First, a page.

We called him Grandpa Joe, the gnarled old man
who helped build all the houses on the block.
At eighty when a saw sliced through his hand,
he wrapped it in a towel and finished work.
Each Christmas, we would bring him little gifts,
and he would have us come in for a drink.
He’d even hand out glasses to the kids.
My Mom would frown. My Dad would grin and wink.
His home-made wine was orange and burned the throat.
It seemed to taste of nails or splintered wood.
I felt grown-up drinking something that hurt,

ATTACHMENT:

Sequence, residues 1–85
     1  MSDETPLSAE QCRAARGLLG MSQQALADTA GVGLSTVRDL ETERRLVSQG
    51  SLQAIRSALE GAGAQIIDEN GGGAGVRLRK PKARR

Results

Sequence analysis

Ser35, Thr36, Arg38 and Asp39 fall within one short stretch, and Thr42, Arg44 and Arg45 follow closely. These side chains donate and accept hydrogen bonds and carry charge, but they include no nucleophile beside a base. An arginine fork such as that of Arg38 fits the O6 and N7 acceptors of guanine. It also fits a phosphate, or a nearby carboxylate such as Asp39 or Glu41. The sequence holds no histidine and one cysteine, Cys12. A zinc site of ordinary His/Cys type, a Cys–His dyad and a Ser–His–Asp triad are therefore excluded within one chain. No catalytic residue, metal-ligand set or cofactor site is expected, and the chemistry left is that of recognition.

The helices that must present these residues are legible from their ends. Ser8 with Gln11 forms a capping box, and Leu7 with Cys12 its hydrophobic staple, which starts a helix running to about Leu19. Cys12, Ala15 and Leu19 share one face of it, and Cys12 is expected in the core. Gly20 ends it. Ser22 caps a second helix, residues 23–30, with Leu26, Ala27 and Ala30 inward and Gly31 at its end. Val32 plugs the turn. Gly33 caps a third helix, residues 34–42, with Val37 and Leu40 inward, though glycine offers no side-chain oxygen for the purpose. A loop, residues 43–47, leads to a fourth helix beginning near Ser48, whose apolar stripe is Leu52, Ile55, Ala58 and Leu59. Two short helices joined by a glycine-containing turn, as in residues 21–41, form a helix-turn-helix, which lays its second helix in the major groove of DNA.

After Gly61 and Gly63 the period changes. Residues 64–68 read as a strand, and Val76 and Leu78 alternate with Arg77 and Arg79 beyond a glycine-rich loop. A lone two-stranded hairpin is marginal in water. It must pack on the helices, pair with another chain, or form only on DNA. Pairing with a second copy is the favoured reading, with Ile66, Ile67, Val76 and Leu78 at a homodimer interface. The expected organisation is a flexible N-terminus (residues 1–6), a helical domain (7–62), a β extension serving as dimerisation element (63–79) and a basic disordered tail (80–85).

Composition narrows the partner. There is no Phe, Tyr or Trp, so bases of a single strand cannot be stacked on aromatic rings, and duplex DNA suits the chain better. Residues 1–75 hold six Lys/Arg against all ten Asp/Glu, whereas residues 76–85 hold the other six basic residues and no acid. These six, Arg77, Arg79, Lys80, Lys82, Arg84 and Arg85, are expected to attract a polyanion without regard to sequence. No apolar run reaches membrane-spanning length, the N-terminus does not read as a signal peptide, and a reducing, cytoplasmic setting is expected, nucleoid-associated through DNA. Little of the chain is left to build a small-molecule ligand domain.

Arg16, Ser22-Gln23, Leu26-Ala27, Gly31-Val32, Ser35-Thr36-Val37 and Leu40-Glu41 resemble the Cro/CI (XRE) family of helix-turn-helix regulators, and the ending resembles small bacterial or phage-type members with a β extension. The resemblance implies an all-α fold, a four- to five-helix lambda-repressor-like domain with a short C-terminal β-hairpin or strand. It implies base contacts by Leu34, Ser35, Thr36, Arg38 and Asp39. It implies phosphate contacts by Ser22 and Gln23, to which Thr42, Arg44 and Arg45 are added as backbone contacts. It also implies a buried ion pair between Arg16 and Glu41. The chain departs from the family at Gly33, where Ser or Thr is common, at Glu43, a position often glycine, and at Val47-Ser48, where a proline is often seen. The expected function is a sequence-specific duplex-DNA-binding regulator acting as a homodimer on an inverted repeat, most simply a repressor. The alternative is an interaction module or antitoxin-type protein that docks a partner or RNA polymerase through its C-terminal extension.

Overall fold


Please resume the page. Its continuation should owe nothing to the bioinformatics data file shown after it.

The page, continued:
a sample of the world of work and wounds,
but it was years before I understood
the making and the sharing made it good.
Joe Mills teaches at the North Carolina School of the Arts. With his wife Danielle Tarmey, he co-wrote A Guide to North Carolina’s Wineries (John F. Blair, Inc). In April 2008, Press 53 will publish his second collection of poetry, Angels, Thieves, and Winemakers.
Read more: Joseph Robert Mills